New features include archive-wide statistics which display not only the number of downloaded files according to their access categories, but also the number of uploaded files within a select time range. These statistics can be seen in the bottom right corner of the display (see below image enlarged at: new_catalogue )

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In addition to a deposit page that summarises the main characteristics of each collection and illustrates the deposit with photos, podcasts and show reels, each collection has its own public statistics. These public statistics, among other things, give information on the number and type of downloaded files. Each collection also contains private statistics for depositor use (see below example deposit page at: deposit_example )

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Navigating through the collections, ELAR users will have the opportunity to listen to voices from all over the world, to watch photos and videos that show how endangered languages are being used in their communities, and to download transcriptions, lexical databases and several other files collected during documentation projects.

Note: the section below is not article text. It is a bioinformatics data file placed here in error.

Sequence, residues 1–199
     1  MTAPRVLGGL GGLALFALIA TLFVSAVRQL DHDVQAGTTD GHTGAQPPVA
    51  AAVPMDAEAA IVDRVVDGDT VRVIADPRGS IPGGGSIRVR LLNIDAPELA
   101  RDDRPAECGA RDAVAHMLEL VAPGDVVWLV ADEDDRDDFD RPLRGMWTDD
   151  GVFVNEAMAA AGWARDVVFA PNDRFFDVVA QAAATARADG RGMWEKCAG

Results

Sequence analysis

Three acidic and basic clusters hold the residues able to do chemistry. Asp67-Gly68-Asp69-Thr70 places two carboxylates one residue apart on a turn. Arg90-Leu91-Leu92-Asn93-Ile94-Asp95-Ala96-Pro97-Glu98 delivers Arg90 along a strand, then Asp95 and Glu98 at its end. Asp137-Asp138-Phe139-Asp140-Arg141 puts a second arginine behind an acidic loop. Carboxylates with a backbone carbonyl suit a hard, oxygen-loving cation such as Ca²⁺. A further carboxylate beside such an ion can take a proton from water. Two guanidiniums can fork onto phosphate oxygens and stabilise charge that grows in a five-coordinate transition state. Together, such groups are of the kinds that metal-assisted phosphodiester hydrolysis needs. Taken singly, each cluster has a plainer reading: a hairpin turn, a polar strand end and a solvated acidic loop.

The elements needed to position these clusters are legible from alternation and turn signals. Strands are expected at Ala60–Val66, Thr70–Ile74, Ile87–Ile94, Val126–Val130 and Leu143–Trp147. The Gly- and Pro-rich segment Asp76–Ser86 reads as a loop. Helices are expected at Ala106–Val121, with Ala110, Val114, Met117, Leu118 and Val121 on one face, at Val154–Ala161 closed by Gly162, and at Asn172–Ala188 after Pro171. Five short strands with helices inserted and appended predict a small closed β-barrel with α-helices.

For depositors to find their deposit page, they should use the search bar to search for their name, their deposit key, or their project’s language. This will pull up the deposit bundles and deposit page link.

To upload data, depositors will still need to use LAMUS in order to self-upload their project’s data.

In the spring of 2014, the ELAR and the ELDP teams began the migration of the data onto the new system with the support of the SOAS library and information services. Together with the Language Archive of the Max Planck Institute for Psycholinguistics in Nijmegen and the London team, the new system was set up. The new system features self-upload facilities, which enable depositors to load and manage their collection themselves. The VuFind discovery layer maintains the familiar interface and faceted browsing.

Thanks to many people involved in the migration – most notably the digital archivists of ELAR, Sophie Salffner and Vera Ferreira, the whole content of ELAR is saved in a more structured and standardised way.

For more information on how to use the ELAR catalogue and how to register your own account, consult the advice for new users on the ELAR website.

By Jonas Lau